Together with the data obtained for acetylation, the high malonylation rate of PKSs and NRPSs indicates a potential effect of protein modification on biosynthesis of antibiotics in FZB42. Better understanding of the underlying mechanism of how PTM affects PKSs and NRPSs may facilitate the development of FZB42 antibiotic production and application.

AmyloWiki, an Integrating Data Base for FZB42

With the increasing reception of FZB42 as a model organism for Gram-positive PGPR, and in order to celebrate its whole genome sequencing around 10 years ago (Chen et al., 2007), we have established an integrated database ‘AmyloWiki’4 for collecting and gathering all the information known to date about this bacterium (Figure 4). More than 140 articles about FZB42 can be found in AmyloWiki5 and are in part assigned to the corresponding genes/proteins. AmyloWiki centers the achievement of FZB42 studies till now including diverse information such as its 3979 genes, its transcriptome structure, protein regulators and their targets. 595 genes of FZB42 involved in plant-bacteria interactions were listed6. It informs also about recently identified sRNA genes and post-translational modification sites (see previous sections). A growing list of FZB42-site directed mutant strains, available for scientific community, is also presented. AmyloWiki shares some features with SubtiWiki, the popular database for B. subtilis 168 (Zhu and Stülke, 2018); however, specific features of FZB42 such as genes not occurring in B. subtilis 168, and genes involved in antagonism against plant pathogens and plant-microbe interaction, are highlighted in AmyloWiki. To facilitate communication and information exchange, a growing list of groups studying FZB42 is available, and many possibilities for interactive data exchange and feedback with the users are given.

FIGURE 4
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FIGURE 4. Home page of AmyloWiki, an integrated data base of FZB42.

AmyloWiki is configured to be a comprehensive and user-friendly database, built upon typical XAMPP (X-Windows, Linux or Mac OS + Apache + MySQL + PHP + Perl) environment. Apache 2.4.23 was used to construct a webserver. All data sets were processed and stored in MySQL (5.0.11). PHP language (version 5.6.28) was used to built database management system and interface. Webpages were designed with HTML5, CSS3 and JavaScript techniques. AmyloWiki provides a series of functions such as data submission, resource downloading, searching, advanced retrieval, and feedback.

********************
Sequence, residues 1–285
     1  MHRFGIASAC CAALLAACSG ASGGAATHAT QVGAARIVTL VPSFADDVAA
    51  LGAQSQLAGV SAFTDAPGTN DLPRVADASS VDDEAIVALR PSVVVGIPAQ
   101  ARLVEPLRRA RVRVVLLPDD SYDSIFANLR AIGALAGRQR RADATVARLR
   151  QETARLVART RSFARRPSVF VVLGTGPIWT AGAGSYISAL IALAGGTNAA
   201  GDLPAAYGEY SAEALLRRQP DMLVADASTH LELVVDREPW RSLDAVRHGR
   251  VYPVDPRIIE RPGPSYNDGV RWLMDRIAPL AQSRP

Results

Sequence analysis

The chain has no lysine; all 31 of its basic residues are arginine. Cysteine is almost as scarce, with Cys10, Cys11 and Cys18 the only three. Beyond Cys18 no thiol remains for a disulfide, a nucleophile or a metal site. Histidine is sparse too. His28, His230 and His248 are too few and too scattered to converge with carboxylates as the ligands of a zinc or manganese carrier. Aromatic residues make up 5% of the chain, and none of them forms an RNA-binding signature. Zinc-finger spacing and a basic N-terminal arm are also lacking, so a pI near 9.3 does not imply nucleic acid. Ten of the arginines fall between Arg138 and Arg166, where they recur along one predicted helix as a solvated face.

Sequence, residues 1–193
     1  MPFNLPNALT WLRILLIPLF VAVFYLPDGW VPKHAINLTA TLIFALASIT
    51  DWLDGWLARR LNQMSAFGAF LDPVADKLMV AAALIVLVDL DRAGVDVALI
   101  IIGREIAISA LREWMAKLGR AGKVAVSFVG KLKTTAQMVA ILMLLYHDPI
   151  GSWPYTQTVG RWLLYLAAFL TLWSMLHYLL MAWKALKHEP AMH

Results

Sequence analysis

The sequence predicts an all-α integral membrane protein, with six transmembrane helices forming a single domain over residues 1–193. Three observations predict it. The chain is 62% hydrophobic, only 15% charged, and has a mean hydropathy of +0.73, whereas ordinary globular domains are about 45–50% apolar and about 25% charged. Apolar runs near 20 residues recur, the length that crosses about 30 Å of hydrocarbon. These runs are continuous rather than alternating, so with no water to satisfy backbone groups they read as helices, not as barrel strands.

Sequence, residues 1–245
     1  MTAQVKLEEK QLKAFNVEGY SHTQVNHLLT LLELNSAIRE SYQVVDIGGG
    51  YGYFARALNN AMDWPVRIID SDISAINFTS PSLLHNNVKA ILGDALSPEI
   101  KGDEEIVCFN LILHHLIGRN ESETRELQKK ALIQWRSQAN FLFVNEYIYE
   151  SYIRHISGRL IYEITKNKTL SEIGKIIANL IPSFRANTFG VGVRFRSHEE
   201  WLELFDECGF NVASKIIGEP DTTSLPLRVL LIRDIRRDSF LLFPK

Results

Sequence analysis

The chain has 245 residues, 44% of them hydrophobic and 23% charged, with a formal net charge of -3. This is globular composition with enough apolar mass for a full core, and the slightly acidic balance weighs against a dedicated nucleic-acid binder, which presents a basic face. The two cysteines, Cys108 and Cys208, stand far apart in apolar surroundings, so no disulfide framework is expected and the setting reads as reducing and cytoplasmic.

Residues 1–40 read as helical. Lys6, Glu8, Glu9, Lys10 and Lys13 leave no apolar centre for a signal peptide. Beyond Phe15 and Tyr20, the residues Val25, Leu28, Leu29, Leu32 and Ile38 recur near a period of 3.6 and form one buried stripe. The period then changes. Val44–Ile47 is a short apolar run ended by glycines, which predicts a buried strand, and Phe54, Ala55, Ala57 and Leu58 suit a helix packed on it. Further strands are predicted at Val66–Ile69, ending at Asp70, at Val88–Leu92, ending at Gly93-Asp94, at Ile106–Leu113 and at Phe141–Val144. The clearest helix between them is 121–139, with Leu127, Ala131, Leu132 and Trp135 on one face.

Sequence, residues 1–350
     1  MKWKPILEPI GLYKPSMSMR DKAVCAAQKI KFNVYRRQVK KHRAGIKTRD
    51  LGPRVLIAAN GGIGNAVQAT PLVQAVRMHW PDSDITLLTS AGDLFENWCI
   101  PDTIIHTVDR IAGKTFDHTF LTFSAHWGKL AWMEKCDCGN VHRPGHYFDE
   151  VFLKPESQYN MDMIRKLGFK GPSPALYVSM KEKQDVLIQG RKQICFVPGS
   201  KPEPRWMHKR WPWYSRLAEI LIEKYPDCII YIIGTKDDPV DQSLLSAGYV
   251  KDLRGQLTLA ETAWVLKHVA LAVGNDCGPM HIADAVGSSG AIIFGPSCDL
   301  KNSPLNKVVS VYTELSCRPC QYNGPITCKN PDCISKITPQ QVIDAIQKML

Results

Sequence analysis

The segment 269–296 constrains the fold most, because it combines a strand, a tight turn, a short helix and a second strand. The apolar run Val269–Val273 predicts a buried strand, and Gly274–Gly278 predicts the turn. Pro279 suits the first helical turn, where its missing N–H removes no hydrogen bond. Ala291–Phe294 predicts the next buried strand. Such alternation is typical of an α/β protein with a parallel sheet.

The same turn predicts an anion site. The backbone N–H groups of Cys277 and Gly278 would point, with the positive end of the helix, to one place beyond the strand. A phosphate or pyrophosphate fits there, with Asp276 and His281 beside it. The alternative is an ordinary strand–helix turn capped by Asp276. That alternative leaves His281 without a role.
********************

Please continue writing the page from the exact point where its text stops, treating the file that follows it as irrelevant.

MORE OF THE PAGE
Briefly, most information of user’s interest can be returned by performing a searching. User can search with different of the query strings, such as gene name, gene locus, and PubMed ID. The items that matched the query string will be returned in the result page. This can be exemplified by searching a gene, as happens most often. The basic information of the gene such as its product, locus, synonyms, homolog in B. subtilis, position, length and others, will be provided on the top of the result page. The genomic context of the gene can be viewed in a visualized window with scrollable function to check its neighbor genes. The organization of the gene, if it is present in an operon, the functions the gene involved, and its functional categories/subcategories are offered next. Other associated information includes the phenotypes of the mutant, its transcriptional start sites, protein/non-coding RNA regulators, sigma factors, PTM sites and so on. The references concerning the gene are listed at the bottom of the retrieval page.

For the convenience of the user, all datasets of AmyloWiki can be downloaded at the “Download” page. The data can be downloaded in an Excel-compatible format for their specific analysis. AmyloWiki will be maintained by us with a frequent update to improve its configuration and to keep the information comprehensive. For example, it is planned to add in future experimental protocols specifically worked out and used for FZB42, like transformation and bioassay. Here, support given by experienced groups dealing with FZB42 is highly welcomed. The pages for data submission and correction are designed for authorized users in order to update relevant information. Unauthorized users are encouraged to submit their latest data via E-mail to the authors of the website. Then their information will be verified and included in AmyloWiki.